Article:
Promoting the COVID-19 needs of small island states an 'uphill battle'

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Lois Young, permanent representative of Belize to the United Nations. Photo by: Manuel Elias / U.N.

CANBERRA —  In the face of COVID-19, there are concerns that island voices are not being heard, representatives believe.

They are facing an “uphill battle,” Lois Young, permanent representative of Belize to the U.N and chair of the Alliance of Small Island States, told Devex at the Virtual Island Summit, a second annual online event enabling these diverse communities to discuss environmental, social, economic and health needs and programs.

“Right now … ministers of finance are discussing [at the U.N.] what it is that countries need to have on the table to get out of this crisis that we are in economically,” she said. “Every finance minister is invited. We had to carve out space and make sure that voices of the finance ministers from SIDS could be heard.”

These challenges come despite the fact that island voices, particularly those of small island developing states, have been increasing with countries such as Saint Vincent and the Grenadines play a larger role in the United Nations system to promote greater climate action among the leading economies.

“We are not in the league of the big countries. ... We can do our best, but we need some big advocates to speak up for us.”

—  Lois Young, permanent representative of Belize to the U.N; chair, Alliance of Small Island States

"Our country's activism has led us recently to head the Economic and Social Council of the United Nations, and then to become the smallest country ever to be elected to the U.N. Security Council as a non-permanent member,” Ralph Gonsalves, prime minister of Saint Vincent and the Grenadines, told the summit audience as part of the opening session.

What SIDS need

The financial crisis created by the impact of COVID-19 is forecast to contract global gross domestic product by 4.5% year-on-year. For many SIDS, the economic impact will see contractions of 15%, with Young saying that Belize is predicted to see a 15% to 25% contraction on its GDP.

In the face of this worsening economic crisis, Young said that what SIDS are calling for is concessional financing from international financial institutions, allowing more favorable loan terms and conditions than can be gained with commercial providers.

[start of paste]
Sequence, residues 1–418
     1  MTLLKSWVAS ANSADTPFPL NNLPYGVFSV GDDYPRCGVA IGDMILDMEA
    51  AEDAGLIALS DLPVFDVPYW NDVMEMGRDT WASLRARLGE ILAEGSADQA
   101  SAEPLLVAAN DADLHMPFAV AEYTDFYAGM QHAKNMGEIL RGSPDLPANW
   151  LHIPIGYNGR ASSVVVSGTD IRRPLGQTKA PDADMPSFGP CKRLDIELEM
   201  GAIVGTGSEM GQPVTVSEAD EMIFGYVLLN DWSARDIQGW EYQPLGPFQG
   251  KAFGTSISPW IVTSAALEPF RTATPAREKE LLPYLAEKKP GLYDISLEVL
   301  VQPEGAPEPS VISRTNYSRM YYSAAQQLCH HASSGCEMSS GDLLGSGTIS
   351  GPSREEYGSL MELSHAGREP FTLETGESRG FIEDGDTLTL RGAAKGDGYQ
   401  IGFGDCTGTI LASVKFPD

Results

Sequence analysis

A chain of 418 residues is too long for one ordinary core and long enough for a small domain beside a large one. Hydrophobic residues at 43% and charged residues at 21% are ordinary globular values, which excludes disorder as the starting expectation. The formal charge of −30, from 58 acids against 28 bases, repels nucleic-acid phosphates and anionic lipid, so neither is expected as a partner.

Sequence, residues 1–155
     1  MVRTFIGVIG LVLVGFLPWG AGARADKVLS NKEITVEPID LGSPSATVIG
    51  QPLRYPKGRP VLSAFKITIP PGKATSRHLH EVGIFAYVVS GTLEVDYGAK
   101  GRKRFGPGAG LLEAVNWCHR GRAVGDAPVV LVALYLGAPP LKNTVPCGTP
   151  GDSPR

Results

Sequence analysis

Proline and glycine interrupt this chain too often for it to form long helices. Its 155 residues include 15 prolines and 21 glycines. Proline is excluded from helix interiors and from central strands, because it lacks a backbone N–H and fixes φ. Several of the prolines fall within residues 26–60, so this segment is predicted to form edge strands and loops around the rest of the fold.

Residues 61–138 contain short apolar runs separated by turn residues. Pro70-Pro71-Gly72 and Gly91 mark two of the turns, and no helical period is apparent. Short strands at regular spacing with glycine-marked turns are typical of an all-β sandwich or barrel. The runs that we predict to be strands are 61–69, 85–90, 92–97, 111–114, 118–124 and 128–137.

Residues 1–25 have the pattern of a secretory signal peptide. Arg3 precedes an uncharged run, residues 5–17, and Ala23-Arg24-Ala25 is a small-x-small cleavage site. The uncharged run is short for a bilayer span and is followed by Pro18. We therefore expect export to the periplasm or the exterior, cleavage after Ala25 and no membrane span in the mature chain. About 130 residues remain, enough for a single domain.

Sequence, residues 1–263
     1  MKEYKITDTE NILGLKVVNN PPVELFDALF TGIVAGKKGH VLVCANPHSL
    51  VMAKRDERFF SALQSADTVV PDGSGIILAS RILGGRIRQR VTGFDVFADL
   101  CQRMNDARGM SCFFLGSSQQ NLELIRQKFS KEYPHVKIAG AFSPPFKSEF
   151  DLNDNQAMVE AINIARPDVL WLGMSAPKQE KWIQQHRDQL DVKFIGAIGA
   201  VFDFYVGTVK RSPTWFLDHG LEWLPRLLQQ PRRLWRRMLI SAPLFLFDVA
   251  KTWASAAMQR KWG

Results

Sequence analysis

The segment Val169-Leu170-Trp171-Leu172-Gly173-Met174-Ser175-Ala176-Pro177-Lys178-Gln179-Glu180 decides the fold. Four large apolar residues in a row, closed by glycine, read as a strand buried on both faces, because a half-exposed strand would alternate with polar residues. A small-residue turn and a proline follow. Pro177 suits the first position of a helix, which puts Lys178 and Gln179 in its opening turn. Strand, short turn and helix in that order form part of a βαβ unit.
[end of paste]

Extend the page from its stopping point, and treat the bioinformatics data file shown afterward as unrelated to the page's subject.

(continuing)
“There is a program … for low-income countries where their payments have been suspended for a while until the end of 2020, and they are begging for that suspension to be [extended] until the end of 2021,” Young said. “And then there is the call from SIDS to have that extended to middle-income countries as well.”

While she said financial institutions and leaders are listening, it is a call that she does not believe is resonating.

“It is understandable to a certain extent because big donor countries have their own problems. But this press for access to concessional finance and debt relief has been ongoing before COVID struck. We have been asking for it for a long time and asking the IFIs to please listen.”

Looking at vulnerabilities, Young said, should be a deciding factor in which countries gain access to funds that support debt reduction. And while she said U.N. Secretary General António Guterres is on the side of SIDS, as he is not a shareholder in international financial institutions, his power is limited. Without the backing of “big voices” speaking up for SIDS in these forums, Young fears that the calls for financial assistance will continue with limited impact.

“It’s hard,” she said. “I would say on a scale of one to 10 —  if you want to talk about a chink in the armor — we are probably at maybe a two or 2.5.”

While the Virtual Island Summit was an opportunity for SIDS and other islands to discuss strategy and approaches for consistency in their call as part of international forums, Young said changes were required to “out-of-touch” systems that risked continuing to marginalize island voices.

“There should be a Marshall Plan just as there was after World War II when the U.N. emerged and when the IFIs were created,” she said.

“We need to have some big voices stick up for us. We need to have some big brothers, big sisters. We are not in the league of the big countries in these institutions. We can do our best, but we need some big advocates to speak up for us.”

About the author

  • Lisa Cornish

    Lisa Cornish is a Senior Reporter based in Canberra, where she focuses on the Australian aid community. Lisa formerly worked with News Corp Australia as a data journalist for the national network and was published throughout Australia in major metropolitan and regional newspapers, including the Daily Telegraph in Melbourne, Herald Sun in Melbourne, Courier-Mail in Brisbane, and online through Lisa additionally consults with Australian government providing data analytics, reporting and visualization services. Lisa was awarded the 2014 Journalist of the Year by the New South Wales Institute of Surveyors.

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